Iraq’s improved numbers

Jason Snead and Jason Snead

The news has been spread on every media current, discussed by every policymaker in Washington, and thrown yet another twist in what history will no doubt record as a long and winding path: The violence in Iraq, including its most dangerous provinces, has seen a marked and swift decline in recent weeks. All across Iraq, from Baghdad to Basrah, civilian and military deaths have sharply diminished, reduced to what they were before the deadly and polarizing bombing of a sacred shrine that brought Iraq to the verge of civil war. The situation then is neither perfect nor ideal, but is instead a sign for cautious optimism on Iraq.

Earlier this year, military officials persuaded the President to launch a massively unpopular troop surge that sent more than 30,000 additional soldiers and marines to the most violent regions of the nation.

Throughout its short life this troop surge was the object of political assault in the halls of Congress and on the campaign trail, with dishearteningly many officials seeking its end before the facts were in hand. When Gen. David Petraeus addressed Congress some months ago his reports of modest successes were met with politically motivated hostility and renewed demands for a complete withdrawal.

Yet today, as the surge comes to an end, its effects are clear: The troop surge was a tactical victory.

Violent attacks in Iraq have decreased 55 percent, with monthly military casualties reduced by nearly 30 percent as well. Records of monthly casualties also show that Iraqi civilian deaths have decreased by 60 percent. And in Baghdad, the make-or-break center of the Iraqi conflict, civilian casualties are down an amazing 75 percent.

These positive numbers have in recent days been coupled with another, equally important, statistic: Of the many Iraqis who fled the carnage inflicted on their nation by the brutality of insurgents, many have opted at last to return to their lives and their homes. Iraq’s Ministry of Migration and the BBC both report that each day roughly 1,000 civilians return to the country, and if the trend continues this number can only increase. Civil engineering projects are at last able to get underway, replacing or repairing vital infrastructure. And as deaths decline, Iraqis are at last able to enjoy some amount of normality in their lives.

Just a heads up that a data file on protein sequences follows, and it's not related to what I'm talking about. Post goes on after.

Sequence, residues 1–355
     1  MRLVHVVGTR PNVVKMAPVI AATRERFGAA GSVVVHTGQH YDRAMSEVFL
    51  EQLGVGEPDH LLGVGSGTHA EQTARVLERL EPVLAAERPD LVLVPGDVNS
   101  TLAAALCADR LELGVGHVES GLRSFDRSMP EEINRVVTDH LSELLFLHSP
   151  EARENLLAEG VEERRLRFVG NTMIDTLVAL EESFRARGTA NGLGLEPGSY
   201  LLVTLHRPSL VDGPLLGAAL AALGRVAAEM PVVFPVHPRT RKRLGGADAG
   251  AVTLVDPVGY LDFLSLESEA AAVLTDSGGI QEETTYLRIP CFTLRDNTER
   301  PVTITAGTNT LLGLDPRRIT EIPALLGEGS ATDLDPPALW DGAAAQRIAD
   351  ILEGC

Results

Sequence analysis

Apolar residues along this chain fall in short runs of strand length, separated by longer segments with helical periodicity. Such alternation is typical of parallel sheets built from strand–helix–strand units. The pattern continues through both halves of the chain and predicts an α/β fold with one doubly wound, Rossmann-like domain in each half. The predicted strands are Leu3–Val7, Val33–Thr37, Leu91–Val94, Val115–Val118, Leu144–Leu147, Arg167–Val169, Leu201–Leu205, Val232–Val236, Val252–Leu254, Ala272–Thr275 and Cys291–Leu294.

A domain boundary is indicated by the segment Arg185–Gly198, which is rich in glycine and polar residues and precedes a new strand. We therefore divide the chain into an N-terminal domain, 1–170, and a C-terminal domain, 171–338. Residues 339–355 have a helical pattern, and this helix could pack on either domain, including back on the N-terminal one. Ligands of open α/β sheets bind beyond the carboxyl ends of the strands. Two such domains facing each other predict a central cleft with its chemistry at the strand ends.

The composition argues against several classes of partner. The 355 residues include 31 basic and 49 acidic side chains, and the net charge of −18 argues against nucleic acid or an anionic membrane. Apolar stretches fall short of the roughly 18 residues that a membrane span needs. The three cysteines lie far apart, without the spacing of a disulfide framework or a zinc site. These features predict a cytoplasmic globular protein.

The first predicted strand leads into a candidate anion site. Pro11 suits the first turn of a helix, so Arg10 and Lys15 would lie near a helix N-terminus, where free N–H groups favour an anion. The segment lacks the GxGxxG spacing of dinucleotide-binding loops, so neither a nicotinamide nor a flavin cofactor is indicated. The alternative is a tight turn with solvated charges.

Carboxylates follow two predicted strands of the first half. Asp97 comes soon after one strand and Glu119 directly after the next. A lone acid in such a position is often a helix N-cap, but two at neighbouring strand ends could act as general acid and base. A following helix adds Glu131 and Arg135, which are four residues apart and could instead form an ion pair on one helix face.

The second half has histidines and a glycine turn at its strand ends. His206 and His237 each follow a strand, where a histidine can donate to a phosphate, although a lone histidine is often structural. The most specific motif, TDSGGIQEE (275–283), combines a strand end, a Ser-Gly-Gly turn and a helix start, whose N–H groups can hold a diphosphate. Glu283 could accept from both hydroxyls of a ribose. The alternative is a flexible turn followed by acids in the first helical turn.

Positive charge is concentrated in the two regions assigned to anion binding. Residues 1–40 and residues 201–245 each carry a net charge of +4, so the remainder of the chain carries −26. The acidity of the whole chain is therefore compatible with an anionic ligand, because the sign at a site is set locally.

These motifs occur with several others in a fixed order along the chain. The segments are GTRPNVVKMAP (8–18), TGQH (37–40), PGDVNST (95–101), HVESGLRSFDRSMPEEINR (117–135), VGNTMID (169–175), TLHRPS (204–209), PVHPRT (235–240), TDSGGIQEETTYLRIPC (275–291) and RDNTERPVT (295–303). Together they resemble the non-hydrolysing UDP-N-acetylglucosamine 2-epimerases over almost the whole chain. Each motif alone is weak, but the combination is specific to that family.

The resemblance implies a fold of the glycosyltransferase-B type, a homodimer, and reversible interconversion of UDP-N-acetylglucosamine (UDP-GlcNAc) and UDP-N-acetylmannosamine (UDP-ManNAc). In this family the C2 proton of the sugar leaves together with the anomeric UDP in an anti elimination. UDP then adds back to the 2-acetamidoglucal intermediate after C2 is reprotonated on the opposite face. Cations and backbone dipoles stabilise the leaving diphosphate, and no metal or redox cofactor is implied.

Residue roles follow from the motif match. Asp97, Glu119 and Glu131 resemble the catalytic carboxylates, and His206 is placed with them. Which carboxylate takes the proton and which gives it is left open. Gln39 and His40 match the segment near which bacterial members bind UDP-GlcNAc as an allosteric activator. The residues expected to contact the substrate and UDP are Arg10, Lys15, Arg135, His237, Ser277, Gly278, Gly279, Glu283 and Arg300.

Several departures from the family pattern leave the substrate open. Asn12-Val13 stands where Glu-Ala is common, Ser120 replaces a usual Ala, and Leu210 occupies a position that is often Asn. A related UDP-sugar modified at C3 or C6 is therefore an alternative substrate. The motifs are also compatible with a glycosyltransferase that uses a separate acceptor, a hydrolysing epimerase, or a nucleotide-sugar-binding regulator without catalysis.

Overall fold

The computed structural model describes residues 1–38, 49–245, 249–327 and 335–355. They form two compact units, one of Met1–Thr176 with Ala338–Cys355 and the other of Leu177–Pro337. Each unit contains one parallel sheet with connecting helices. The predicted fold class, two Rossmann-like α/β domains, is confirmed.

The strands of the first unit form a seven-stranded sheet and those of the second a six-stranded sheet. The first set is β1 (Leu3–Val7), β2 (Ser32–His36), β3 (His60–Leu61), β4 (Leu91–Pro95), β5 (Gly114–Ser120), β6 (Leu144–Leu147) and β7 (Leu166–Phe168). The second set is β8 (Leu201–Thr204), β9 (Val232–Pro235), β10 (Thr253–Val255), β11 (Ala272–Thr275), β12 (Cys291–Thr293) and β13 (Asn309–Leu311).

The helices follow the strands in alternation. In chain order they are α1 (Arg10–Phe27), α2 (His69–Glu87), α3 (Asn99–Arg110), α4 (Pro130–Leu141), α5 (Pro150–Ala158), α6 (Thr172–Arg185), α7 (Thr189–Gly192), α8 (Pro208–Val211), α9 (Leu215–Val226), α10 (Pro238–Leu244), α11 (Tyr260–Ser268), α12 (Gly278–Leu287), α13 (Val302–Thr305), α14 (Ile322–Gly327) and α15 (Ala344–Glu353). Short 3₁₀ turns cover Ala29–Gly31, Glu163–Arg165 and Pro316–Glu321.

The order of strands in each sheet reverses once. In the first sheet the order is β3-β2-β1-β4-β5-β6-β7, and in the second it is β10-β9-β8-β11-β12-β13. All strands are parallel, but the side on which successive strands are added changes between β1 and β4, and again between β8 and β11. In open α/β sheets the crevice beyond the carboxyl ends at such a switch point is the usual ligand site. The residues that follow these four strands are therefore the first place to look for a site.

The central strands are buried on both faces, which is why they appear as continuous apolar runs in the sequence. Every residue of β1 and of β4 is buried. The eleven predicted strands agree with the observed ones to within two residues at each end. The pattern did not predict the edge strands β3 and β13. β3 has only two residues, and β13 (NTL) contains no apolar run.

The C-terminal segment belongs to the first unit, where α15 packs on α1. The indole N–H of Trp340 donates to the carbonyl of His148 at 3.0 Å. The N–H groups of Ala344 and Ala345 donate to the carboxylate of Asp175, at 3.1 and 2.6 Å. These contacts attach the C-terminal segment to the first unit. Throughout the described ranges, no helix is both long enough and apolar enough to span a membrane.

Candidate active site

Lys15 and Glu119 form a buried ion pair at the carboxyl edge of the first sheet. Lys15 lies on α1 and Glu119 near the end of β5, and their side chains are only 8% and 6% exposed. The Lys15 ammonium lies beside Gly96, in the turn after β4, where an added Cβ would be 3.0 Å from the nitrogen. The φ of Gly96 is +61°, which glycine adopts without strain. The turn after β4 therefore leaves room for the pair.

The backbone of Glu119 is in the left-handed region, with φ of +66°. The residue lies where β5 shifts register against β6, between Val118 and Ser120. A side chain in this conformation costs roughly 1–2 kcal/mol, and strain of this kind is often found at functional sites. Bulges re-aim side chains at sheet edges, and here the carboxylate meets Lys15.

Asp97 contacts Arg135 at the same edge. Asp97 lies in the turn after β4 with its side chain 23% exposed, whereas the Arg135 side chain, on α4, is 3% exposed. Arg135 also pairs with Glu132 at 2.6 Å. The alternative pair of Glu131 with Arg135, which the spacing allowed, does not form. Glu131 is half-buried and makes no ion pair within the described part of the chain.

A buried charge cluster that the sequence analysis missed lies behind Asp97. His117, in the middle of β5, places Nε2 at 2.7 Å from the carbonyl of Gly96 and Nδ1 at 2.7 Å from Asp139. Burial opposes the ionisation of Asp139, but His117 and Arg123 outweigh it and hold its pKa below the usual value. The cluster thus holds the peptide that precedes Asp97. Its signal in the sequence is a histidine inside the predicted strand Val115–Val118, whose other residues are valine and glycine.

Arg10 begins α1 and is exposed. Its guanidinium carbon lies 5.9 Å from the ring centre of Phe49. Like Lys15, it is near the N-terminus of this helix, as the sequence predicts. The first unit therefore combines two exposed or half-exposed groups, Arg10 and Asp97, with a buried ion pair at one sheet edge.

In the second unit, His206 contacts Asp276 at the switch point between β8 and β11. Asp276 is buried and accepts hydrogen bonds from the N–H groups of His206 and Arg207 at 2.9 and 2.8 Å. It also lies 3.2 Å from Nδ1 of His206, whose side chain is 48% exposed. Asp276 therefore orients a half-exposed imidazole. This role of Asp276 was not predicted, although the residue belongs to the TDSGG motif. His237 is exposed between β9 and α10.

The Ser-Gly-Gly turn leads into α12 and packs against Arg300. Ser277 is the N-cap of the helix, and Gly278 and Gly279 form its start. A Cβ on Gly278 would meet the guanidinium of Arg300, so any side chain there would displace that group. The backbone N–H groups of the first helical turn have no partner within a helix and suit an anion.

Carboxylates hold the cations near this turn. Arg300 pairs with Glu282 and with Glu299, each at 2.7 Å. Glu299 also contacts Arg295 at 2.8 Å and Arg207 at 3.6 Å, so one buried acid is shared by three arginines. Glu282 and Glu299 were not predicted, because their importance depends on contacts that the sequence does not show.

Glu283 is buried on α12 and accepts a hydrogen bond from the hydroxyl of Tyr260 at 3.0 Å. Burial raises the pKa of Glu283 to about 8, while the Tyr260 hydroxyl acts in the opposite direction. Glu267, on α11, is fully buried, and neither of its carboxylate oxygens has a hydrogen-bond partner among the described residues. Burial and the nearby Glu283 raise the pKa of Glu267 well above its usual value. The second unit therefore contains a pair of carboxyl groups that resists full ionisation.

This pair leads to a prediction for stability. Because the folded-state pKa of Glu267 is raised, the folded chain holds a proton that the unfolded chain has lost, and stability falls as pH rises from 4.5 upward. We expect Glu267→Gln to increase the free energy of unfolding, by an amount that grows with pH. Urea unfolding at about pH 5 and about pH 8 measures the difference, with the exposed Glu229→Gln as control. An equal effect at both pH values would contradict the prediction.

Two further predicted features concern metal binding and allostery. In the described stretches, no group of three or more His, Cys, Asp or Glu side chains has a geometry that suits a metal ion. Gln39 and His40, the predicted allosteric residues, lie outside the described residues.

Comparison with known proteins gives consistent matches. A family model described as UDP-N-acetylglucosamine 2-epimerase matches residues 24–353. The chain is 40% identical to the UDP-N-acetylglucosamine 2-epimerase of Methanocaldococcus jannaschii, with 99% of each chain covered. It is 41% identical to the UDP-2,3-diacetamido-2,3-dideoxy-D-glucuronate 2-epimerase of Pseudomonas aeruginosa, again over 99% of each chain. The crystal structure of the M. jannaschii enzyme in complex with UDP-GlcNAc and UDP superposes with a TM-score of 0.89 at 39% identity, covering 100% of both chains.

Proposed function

But this picture is a fragile one at best, its future dependent upon at least two major factors. First, the American military cannot completely withdraw from Iraq as many demand. The Iraqi army is not yet ready to assume security operations in all of Iraq’s provinces and cities, and long-term cooperative agreements like the one just recently signed are no doubt needed for coming years.

Second, and every bit as vital to victory in Iraq as the military operations, are the political battles for national and social unification. For any government to survive it must be a joint government, with both Sunni and Shia willing to set aside their differences at least so far as establishing a rule of law is concerned.

To achieve the first requirement we, the American people, must demand that our government continue to fund and support combat operations in Iraq. We must abandon the pretense that retreat is a viable alternative at this point because to do so would only embolden an enemy who has already demonstrated a willingness to kill anybody and destroy anything to achieve their objectives.

Iraq is no Vietnam; the forces faced today are far more radical and ambitious. The Vietnamese communists never had any aspirations or intentions of destroying the West like al Qaeda does today. History has shown that retreat from Vietnam saw no insurmountable consequences for the US, but we cannot make the horrific mistake of applying this to Iraq. If we retreat now Iraq will certainly sink into chaos and despair, becoming a haven for those whose evil ambitions involve the murder of innocent Americans. The cost of this noble effort to save lives today may be measured in the lost lives of many more tomorrow.

As for the requirement of reconciliation, that can only come as the cycle of violence is slowly broken. As car bombs diminish in frequency, as militia groups sign cease fires, and as Iraqis return to the streets the prospects for reconciliation become much higher. We cannot expect this unification to come from the top, nor can we demand it at times when violence is at its peak. The insurgents must be fought, captured, or killed. Their foreign aid must be cut, their stockpiles of weapons destroyed, and their political support must be ended.

As the insurgency gradually dies, and as the carnage and mayhem subside, Iraqis may at last be able to reclaim what they have lost and in the process exercise their new democratic right to elect leaders of the caliber they deserve.